The following impression of that night is written by one who was at the scene:
“The wail of the siren opposite the Post announced at 8.15pm the arrival of the raiders. The Post personnel saw a startling sight. The Flats were a sea of flame. Thousands of incendiaries were burning on the open space. The guns roared. It was obvious that the enemy was making a concerted and determined attack. Bomb flashes stabbed the blackout. Planes droned overhead. The batteries on the Flats joined those further away in putting up a terrific barrage.
At 8.50pm, three high explosive bombs fell in Lake House Road, damaging a number of houses and partly demolishing Nos 14 and 31. A few casualties resulted, one being a man who was trapped in the doorway of No. 14. Wardens heaved on the obstruction to release him. Gas escaping in the same house caused a fire. This was quickly dealt with and the flames smothered. A nearby barrage balloon had burst into flames, illuminating the scene with glaring brilliance and revealing the widespread damage.
At 9.20pm this first incident appeared closed, and services were awaiting the result of a final search and check-up before being dismissed. Then a parachute mine landed. It exploded a few yards from Aldersbrook corner on the Leytonstone side. A house in Lake House Road, already badly damaged, tottered to destruction. Number 11 caught fire and was destroyed. Loss of life would have been heavy but for the fact that most of the inhabitants had by now taken refuge in the Aldersbrook public shelter, and those who remained were in their dugouts.
The attack died down. Wardens returned to their posts – but the number for 41 was sadly lacking. The two boys’ bicycles stood in their usual place. ‘Busy somewhere’ said the chief. But the absent ones did not return, and a search was made. They were found – in the mortuary, three of them. It was known that two others had been taken to hospital. Warden Barnett was one of these. He died next morning of his injuries.
Just before the mine exploded, the messengers had been giving assistance in one of the less badly-damaged houses. Broome, although officially not on duty, had rushed out to lend a hand. Warden Hutton was endeavouring to turn off the gas at No 14 when the mine fell.
So the four from Post 41 died doing their duty on the Home Front. The two boys, pals in the service, sleep in one grave in Old Wanstead churchyard. The two men lie close by, in Ilford Cemetery.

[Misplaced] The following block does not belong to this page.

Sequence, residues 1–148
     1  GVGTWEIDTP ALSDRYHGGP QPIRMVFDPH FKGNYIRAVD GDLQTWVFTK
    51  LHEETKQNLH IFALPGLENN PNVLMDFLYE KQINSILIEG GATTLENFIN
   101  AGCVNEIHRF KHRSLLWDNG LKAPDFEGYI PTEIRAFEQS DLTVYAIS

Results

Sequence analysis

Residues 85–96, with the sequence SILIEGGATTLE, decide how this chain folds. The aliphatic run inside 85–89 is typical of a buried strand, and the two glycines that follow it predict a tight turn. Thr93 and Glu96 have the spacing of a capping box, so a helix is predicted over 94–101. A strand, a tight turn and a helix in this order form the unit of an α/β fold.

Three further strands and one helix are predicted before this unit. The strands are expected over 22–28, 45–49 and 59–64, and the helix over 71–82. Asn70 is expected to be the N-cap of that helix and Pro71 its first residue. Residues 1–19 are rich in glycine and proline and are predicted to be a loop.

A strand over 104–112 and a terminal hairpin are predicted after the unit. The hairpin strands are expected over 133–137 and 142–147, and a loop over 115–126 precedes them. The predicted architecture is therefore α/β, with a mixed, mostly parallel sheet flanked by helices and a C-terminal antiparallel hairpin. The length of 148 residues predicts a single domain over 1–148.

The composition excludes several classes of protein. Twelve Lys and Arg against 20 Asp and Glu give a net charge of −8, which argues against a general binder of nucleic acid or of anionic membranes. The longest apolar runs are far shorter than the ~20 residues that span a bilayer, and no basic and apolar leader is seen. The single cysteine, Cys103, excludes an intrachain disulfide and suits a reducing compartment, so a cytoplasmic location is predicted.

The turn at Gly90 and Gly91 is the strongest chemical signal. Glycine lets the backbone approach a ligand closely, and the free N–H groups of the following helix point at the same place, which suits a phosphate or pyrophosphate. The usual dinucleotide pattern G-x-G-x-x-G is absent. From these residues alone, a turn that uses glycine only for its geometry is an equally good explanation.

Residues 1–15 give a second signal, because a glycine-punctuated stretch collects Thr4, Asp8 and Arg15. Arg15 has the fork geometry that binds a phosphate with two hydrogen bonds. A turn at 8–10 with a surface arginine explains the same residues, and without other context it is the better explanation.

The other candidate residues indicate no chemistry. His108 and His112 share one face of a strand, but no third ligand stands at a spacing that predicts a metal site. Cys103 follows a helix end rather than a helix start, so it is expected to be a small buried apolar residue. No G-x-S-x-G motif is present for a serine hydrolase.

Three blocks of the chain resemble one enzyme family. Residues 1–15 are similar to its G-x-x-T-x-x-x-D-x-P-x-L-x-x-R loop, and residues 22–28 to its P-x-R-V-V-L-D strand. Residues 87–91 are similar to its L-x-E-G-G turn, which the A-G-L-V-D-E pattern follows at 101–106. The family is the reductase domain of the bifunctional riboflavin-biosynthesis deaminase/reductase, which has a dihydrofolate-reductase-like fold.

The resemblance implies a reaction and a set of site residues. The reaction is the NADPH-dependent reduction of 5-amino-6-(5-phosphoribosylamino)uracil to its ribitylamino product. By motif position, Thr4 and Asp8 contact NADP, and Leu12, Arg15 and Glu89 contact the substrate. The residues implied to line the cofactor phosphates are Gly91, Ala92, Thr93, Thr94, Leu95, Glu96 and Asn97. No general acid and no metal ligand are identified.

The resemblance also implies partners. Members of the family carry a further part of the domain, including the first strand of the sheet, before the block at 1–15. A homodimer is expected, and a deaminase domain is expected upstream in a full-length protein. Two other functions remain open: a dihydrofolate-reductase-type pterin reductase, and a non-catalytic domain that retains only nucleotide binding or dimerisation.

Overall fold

A few days later their comrades stood silently at attention as the funeral cortege halted outside the Post. A Union Jack covered each of the four coffins.
The four members of the Civil Defence Services who gave their lives were: Thomas Hutton, 44, a warden, of Blake Hall Crescent, Wanstead; William Barnett, 36, a warden, of Belgrave Road, Wanstead; Roy Broome, 17, a messenger, of Lake House Road, Wanstead; and Herbert Stower, 18, a messenger, of Clavering Road, Wanstead.
As spring wore on the weather remained mostly miserable though raid incidents lessened and petered out in May. Wanstead and Woodford had its last bombs of the period on May 10th. There were no more that year.
In total 129 people lost their lives and 194 were injured during the campaign. This figure would nearly double when the next phase of the bombing, using V1 flying bombs and V2 rockets, would begin three years later in June 1944.
It is hard to imagine how people coped with the constant barrage of bombs during the Blitz. What seems to get lost in articles and historical texts I’ve read is just how grim the weather was at the time – remember this was a time before central heating. Not only were bedrooms freezing cold people must have laid there wondering if they were going to see morning.
It seems to be a human condition that when we are faced with adversity we just find a way of ‘getting on with it’ as best we can.
* Much of the inspiration for this blog comes thanks to the book It Happened Here by Stanley Tiquet. The book is available for loan and can be purchased at Redbridge libraries.